In another exemplary embodiment, the S2 signal of the chest PCG sensor can be used to delimit the heart cycles. FIG. 3 shows the result of using the S2 signal from the chest PCG to trigger the ensemble averaging. Approximately 10 seconds of data were used to obtain this average heart cycle information. Using the S2 trigger is advantageous over the R-wave trigger in that a higher signal-to-noise ratio (SNR) for the averaged S2 signal is obtained. This is because there is a variability from heart cycle to heart cycle of the time between the R-wave and the S2 signal. This variability causes a “jitter” of the S2 signal when using the R-wave trigger and hence some signal amplitude can be averaged away.

The R-wave trigger is advantageous in that it is easily performed. The R-wave of the ECG is a very easily identifiable signal. The utility of ensemble averaging is shown in FIG. 4. This ensemble averaging was performed with R-wave triggering and the signal was filtered with a 25–55 Hz bandpass filter prior to averaging. The signal at the bottom of the graph is the ensemble averaged signal of the ten signals illustrated above the bottom signal in FIG. 4. As shown in FIG. 4, the SNR of the averaged signal at the bottom of the graph is much improved than of any of the individual unaveraged signals.

The advantage of the S2-triggered ensemble averaging could also be obtained by using the dicrotic notch of the blood pressure waveform as the trigger. The dicrotic notch and S2 signal both result from the closure of the aortic valve and hence have the same timing.

It will be noted that in various exemplary embodiments of the systems and methods according to this invention, ensemble averaging is not required to be performed to detect the S2 signal at a distal location to the heart. For example, FIG. 5 illustrates a typical person's ECG, PCG measured on the chest and PCG measured at a distal location to the heart, for example at the olecranon (bone at the elbow). As shown in FIG. 5, the S2 signal can be easily identified or determined in the data taken from the distal location, e.g., elbow, without having to perform a signal conditioning or processing operation such as an ensemble averaging operation. The SNR of the distal S2 signal is high due to relatively low noise from sources (other than the heart valves) within the body and from building vibrations. That is, ensemble averaging may not be required if building noise and/or body vibration is low or negligible.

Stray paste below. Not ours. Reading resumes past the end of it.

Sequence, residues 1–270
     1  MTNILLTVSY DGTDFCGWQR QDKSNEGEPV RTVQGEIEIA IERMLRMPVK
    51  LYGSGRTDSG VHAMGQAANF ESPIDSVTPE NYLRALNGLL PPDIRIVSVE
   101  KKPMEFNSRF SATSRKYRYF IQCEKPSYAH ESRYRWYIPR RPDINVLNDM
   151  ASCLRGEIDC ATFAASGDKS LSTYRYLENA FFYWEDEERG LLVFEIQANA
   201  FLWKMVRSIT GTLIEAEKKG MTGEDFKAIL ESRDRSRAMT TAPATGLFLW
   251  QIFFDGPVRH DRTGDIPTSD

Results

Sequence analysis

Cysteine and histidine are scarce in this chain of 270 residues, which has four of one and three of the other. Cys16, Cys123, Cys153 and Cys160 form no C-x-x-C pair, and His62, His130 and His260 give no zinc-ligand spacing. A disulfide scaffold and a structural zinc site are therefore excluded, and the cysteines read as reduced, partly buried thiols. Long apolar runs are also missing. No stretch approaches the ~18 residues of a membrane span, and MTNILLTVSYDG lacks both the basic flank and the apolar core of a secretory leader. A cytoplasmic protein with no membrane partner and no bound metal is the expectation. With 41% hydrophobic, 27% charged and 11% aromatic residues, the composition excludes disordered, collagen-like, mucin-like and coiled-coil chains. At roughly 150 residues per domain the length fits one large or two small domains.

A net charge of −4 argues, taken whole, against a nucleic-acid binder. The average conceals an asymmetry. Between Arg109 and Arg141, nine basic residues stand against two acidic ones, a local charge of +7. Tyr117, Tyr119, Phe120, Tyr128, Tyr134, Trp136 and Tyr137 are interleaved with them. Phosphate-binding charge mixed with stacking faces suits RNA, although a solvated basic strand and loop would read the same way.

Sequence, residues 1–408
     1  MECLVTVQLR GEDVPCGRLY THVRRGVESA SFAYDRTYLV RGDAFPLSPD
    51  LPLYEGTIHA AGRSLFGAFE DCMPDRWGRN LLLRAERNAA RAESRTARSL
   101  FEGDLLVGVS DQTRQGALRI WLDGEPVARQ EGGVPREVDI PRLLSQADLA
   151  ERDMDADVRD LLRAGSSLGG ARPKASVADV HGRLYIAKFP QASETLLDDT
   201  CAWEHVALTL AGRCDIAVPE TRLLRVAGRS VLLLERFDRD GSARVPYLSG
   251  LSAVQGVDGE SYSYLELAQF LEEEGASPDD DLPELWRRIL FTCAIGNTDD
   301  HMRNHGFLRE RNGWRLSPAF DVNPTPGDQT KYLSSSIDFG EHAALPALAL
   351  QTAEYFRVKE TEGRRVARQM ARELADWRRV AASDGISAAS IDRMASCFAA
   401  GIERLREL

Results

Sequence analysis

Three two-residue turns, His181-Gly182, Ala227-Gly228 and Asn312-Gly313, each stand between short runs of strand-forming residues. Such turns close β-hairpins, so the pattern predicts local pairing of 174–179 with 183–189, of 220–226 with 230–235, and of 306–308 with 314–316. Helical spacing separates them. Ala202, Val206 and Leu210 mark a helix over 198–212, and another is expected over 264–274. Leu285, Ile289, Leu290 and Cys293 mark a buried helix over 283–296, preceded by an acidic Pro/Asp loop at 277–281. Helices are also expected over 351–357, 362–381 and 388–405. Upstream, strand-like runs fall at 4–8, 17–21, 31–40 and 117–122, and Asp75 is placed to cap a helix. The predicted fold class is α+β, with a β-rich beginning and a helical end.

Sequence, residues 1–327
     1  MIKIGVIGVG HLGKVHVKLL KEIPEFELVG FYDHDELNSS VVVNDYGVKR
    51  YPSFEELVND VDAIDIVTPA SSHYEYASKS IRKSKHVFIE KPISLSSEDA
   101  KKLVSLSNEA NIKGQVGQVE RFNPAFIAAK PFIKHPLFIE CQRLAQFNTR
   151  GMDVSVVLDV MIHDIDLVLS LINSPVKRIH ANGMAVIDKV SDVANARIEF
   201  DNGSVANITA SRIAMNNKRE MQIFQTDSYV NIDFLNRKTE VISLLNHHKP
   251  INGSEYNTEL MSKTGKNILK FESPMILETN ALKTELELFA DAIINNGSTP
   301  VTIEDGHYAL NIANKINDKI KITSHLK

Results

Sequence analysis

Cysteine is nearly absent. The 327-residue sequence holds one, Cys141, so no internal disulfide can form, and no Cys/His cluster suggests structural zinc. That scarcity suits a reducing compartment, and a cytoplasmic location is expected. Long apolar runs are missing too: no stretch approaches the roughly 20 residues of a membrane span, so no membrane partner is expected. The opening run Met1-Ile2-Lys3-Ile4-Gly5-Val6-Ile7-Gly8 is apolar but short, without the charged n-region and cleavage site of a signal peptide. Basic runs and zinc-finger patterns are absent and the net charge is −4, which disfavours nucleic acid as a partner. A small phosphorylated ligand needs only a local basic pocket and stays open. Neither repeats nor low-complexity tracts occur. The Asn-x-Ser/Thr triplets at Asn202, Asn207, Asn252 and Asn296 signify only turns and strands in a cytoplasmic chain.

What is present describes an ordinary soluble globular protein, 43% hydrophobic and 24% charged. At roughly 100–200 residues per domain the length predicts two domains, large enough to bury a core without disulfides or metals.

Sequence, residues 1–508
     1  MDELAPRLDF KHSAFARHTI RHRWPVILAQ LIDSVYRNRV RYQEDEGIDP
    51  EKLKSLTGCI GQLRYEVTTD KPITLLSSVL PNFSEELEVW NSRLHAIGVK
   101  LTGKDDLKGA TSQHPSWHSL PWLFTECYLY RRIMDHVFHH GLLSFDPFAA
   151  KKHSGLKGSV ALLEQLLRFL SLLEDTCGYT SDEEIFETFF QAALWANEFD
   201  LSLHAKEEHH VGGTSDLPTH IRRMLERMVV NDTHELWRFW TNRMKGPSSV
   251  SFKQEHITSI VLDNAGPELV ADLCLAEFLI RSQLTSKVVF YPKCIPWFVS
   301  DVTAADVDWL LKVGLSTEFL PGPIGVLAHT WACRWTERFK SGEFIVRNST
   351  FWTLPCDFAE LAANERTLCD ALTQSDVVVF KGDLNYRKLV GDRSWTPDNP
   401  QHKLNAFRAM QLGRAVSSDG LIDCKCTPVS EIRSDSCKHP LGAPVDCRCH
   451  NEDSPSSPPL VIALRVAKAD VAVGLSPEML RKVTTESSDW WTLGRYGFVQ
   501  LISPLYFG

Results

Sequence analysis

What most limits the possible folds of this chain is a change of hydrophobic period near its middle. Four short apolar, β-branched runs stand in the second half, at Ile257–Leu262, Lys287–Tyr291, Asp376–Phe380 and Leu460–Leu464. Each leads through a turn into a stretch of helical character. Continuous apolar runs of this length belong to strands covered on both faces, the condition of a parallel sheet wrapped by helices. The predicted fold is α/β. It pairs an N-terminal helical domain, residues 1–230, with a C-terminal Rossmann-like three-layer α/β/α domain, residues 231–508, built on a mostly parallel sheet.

As described above, the PTT is measured with current technology as the time between the S2 signal measured on the chest and the dicrotic notch of the arterial blood pressure waveform. In various exemplary embodiments of the systems and methods according to this invention, the PTT is measured as the time between the distally measured S2 signal and the dicrotic notch plus S2D, where S2D is the measured delay between the valve closure and the arrival of the S2 signal at the distal location.

In one exemplary embodiment, the S2D value could be determined as an average value for the entire population (possibly adjusted for the person's artery length). In another exemplary embodiment, a predetermined S2D value for the particular individual may be used. In yet another exemplary embodiment, the S2D value could be experimentally determined based on patient demographics.